On Friday (30 Sep), 75-year-old Roland Tay Hai Choon was charged in court for evading income taxes worth over S$427,000. He also received charges for failing to register his businesses for Goods and Services Tax (GST).
The court charged him with three counts of tax evasion and one count under the GST Act.
Tay falsely understated his total income to evade taxes from 2011 to 2013 and failed to comply with the GST Act in 2010.
If convicted, he faces up to three years’ jail, fines and other monetary penalties.
Tay is the founder of the well-known undertaking company Direct Funeral Services.
According to The Straits Times (ST), he understated his income by over S$2.2 million for three years between 2011 and 2013. As a result, he managed to evade S$427,427 in taxes.
In Apr 2011, he made a false entry in his income tax return by stating that his total income was S$121,051. The actual amount was allegedly S$1,034,110.
Charge sheets state that he continued to understate his income for the next two years.
If he proves guilty of making a false statement in a tax return, Tay faces a maximum 3-year jail term, a fine of up to S$10,000, or both.
The court may also charge him a penalty of up to thrice the amount of tax undercharged.
Tay also failed to notify the Comptroller of GST within his liability period in July 2010 to register his businesses.
The undertaker thus owes three years’ worth of taxes amounting to S$286,962.97, reports Channel NewsAsia (CNA).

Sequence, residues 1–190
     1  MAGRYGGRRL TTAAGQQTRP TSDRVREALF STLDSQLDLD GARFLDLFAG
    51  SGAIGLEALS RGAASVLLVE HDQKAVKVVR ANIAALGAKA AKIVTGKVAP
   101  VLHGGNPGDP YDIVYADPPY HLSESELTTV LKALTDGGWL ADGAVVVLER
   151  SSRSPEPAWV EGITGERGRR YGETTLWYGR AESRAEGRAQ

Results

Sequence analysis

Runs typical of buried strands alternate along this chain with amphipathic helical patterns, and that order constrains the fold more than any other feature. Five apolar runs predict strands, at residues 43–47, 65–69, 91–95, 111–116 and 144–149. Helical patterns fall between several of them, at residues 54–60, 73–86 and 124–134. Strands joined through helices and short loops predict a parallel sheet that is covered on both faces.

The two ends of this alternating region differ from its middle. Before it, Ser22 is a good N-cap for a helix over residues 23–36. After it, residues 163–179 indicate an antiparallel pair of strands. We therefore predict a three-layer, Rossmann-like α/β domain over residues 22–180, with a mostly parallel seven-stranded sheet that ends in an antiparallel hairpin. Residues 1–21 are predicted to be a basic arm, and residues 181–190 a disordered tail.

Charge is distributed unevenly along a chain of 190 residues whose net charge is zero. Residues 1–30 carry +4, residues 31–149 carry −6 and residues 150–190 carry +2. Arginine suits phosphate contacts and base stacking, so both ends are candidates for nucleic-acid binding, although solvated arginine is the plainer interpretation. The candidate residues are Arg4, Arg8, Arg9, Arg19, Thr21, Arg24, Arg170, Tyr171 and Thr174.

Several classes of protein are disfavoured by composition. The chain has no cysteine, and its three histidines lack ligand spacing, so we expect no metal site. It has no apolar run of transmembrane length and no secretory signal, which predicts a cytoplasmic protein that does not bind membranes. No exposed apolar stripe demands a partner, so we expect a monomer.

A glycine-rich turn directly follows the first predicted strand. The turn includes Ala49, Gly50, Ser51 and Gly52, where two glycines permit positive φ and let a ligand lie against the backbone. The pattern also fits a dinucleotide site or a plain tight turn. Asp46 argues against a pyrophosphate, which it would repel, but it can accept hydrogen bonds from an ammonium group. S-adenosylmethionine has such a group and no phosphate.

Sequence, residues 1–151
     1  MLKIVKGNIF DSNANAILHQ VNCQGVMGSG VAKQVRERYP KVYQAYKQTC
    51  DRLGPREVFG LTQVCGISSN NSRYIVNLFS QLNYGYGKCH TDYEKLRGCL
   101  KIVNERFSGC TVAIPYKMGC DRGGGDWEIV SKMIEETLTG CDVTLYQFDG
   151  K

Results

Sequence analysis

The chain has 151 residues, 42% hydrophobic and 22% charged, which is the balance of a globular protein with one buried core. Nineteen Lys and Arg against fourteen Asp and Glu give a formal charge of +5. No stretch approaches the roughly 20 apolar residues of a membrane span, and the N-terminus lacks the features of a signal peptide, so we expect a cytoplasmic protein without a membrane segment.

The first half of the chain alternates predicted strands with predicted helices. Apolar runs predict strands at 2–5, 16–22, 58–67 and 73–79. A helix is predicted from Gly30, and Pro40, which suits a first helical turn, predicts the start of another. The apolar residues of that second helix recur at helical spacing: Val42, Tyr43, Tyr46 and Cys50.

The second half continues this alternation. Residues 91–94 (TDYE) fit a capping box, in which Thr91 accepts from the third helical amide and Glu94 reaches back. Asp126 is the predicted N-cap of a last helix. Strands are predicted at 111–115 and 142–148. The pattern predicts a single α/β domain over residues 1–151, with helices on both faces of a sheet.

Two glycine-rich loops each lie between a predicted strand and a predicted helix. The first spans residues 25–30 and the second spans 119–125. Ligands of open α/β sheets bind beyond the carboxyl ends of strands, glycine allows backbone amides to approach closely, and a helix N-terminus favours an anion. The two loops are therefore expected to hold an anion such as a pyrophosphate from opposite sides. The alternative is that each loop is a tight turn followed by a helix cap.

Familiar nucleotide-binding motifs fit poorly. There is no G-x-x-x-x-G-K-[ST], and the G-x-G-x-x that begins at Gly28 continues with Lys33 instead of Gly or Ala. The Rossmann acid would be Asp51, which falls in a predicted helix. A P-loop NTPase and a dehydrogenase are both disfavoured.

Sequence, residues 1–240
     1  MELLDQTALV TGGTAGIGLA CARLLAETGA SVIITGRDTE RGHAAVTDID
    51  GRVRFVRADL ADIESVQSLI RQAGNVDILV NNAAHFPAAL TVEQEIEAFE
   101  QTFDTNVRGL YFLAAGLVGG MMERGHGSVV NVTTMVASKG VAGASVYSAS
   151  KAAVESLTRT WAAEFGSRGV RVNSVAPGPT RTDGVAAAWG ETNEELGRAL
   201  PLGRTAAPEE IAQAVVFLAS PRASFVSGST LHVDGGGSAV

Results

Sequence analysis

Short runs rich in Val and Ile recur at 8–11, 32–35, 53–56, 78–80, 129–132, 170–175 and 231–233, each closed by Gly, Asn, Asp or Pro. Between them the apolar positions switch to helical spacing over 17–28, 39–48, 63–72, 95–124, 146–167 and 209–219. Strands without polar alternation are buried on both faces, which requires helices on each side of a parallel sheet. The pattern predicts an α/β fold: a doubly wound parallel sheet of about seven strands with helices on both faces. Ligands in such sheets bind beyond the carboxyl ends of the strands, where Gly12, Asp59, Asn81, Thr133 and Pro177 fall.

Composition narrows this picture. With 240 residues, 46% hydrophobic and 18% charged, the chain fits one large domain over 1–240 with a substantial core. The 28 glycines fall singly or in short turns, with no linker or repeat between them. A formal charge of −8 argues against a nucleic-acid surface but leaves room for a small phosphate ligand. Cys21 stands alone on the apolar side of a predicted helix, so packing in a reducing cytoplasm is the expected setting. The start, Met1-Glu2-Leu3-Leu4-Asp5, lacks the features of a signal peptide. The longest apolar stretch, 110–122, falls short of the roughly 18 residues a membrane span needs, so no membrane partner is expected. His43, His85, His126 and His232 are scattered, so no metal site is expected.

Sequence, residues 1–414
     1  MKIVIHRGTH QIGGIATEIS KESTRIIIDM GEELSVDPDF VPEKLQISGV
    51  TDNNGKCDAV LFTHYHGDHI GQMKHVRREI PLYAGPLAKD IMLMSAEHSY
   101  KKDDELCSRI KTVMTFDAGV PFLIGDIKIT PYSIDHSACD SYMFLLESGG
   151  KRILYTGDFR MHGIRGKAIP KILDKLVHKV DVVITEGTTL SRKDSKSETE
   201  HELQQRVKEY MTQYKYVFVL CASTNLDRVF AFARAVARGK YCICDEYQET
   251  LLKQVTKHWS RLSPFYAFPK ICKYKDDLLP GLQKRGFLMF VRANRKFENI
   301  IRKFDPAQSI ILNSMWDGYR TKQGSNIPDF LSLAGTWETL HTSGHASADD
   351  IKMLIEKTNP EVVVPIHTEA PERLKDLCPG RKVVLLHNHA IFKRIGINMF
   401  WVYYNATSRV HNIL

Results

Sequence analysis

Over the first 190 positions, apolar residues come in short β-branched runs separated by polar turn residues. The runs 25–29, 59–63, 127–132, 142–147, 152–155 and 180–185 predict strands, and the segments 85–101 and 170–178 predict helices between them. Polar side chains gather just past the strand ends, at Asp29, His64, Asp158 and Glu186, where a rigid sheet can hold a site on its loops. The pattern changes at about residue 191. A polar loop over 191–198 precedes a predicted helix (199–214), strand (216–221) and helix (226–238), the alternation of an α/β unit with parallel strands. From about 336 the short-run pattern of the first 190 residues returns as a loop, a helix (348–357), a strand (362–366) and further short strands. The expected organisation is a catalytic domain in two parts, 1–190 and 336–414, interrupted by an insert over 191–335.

For this charge, Tay may have to pay a penalty equating to 10% of the taxes due. He could also face a maximum S$10,000 fine and a subsequent S$50 penalty for each day the offence continues after his conviction.
Following the hearing, the Inland Revenue Authority of Singapore (IRAS) issued a statement declaring that they discovered Tay’s offences during one of their regular audit programmes.
Citing the statement, CNA explained that IRAS used “data analytics and advanced statistical tools” to verify tax reporting and detect anomalies. This led them to uncover Tay’s doings.
His failure to register for GST apparently occurred when the value of his taxable supplies exceeded S$1 million for four consecutive quarters.
Tay has been offered S$80,000 bail and will return to court for his next hearing on 18 Oct.
A prominent figure in the funeral industry, Tay famously provided his services for free for murder victims and the poor.
In 2004, he made arrangements for the funeral of Huang Na, an eight-year-old girl who went missing that year.
When Singapore’s famous orangutan Ah Meng died in 2008, he donated a white human-sized coffin for her funeral.
Have news you must share? Get in touch with us via email at firstname.lastname@example.org.
It overlooks the Jurong Lake Floating Wetlands.
Wealth is meant to be spread out, he said.
The police worked hard investigating the case, the MP said.
A long trail of black smoke was seen billowing from the burning vehicle.
One attendee joined a queue without even knowing what it was for.
Redevelopment work will begin in 2023.